I would ignore the purely reading comprehension videos from the curriculum. They were pretty useless to me. I used to miss about 1 reading comprehension question on average and still am.

    The 7 Sage curriculum didn't immediately result in me doing better on logic games sections, but I felt comfortable completing them in unlimited time after using it. I just couldn't quite finish the last game on timed tests.

    I began using the Pacifico adaptation of the Fool Proofing method and am about halfway through. My prep test scores remained stable for a while since I still struggled to finish logic games sections. However, they just spiked. My last three prep tests I finished the logic games section(while still having to rush on the last game). I got a 176, 179 on the two tests that I took back to back last weekend to make sure endurance wasn't a factor. Earlier today I got a 180. Those scores were on prep tests 39, 40, and 41 respectively.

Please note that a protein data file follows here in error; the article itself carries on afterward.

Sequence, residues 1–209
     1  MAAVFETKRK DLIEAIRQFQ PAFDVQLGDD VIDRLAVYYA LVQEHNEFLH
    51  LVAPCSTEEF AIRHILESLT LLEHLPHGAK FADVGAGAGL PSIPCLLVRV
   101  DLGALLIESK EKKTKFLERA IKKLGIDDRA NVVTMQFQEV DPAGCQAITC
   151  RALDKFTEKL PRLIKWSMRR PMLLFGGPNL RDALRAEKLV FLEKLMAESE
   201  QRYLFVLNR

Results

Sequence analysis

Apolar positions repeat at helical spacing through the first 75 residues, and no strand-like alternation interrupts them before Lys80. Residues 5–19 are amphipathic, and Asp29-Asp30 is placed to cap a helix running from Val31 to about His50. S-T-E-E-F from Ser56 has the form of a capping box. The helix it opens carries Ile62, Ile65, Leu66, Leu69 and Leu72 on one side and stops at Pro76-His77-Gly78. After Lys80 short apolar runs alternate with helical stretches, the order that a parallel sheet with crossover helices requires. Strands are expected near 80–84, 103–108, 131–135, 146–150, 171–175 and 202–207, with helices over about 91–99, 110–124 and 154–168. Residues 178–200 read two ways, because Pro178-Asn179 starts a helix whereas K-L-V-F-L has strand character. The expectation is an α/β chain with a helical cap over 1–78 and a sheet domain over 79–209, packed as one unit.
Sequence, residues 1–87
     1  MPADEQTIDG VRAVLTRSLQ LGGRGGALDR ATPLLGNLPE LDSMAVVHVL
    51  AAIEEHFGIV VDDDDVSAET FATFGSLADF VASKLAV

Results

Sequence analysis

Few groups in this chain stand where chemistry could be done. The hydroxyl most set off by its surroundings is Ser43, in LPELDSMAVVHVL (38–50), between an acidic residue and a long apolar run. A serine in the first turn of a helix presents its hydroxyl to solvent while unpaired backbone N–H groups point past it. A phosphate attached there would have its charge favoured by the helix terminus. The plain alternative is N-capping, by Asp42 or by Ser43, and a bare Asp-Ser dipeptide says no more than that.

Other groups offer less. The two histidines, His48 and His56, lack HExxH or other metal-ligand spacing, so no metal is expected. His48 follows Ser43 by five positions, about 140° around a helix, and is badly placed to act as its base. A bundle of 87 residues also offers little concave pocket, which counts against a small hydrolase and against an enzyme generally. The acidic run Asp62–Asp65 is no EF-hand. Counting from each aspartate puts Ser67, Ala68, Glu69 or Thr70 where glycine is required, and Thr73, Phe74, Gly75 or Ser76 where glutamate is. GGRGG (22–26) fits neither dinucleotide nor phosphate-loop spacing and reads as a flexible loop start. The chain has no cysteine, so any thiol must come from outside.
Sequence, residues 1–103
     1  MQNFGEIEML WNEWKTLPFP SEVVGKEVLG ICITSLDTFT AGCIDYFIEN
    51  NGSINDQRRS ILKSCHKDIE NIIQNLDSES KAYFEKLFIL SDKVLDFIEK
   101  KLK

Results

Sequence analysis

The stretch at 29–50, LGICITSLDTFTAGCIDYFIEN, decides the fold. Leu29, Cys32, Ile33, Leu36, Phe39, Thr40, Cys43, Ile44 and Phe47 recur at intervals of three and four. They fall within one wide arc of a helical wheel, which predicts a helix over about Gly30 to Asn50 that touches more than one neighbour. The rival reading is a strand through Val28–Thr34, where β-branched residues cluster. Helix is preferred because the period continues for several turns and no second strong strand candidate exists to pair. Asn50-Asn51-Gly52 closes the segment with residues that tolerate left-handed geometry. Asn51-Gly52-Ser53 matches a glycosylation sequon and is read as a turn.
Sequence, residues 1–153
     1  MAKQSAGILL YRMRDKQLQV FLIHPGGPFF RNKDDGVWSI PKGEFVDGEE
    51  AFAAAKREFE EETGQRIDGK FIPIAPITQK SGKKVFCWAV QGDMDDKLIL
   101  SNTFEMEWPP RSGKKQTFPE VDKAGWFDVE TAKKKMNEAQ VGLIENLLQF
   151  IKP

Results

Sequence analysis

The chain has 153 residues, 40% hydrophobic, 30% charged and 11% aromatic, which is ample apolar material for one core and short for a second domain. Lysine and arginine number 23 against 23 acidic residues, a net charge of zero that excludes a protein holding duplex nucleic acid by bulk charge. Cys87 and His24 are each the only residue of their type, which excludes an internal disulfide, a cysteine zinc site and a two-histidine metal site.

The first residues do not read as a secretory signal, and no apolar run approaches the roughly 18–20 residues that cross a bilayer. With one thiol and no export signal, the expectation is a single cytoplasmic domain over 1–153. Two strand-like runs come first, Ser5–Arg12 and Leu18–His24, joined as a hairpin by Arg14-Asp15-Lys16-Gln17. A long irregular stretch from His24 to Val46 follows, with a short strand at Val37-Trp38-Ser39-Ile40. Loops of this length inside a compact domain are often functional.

I'm still fool proofing in the hopes of making sure I can replicate that success on different logic games sections which I happen to find harder, but am very satisfied. If you temporarilly plateau just keep studying and fool proofing. For some reason, it seems like progress comes in leaps followed by plateaus. A break may also help. I hardly studied last week since I used the 4th as an excuse to go to Chicago and see University of Chicago and Northwestern. (Northwestern's campus is the most jaw droppingly beautiful campus I have ever seen. Sadly I have no work experience.)

    I would definitely take the September test and not just because I want the company of a fellow 7sager. Since most schools really only seriously consider your highest score (maybe even HYS as far as I can tell from law school numbers), I would definitely recommend taking the September test for the following reasons.

    I feel a lot more comfortable retaking with a 172 in my pocket and you could always retake in December with similar comfort if you don't break 175 in September.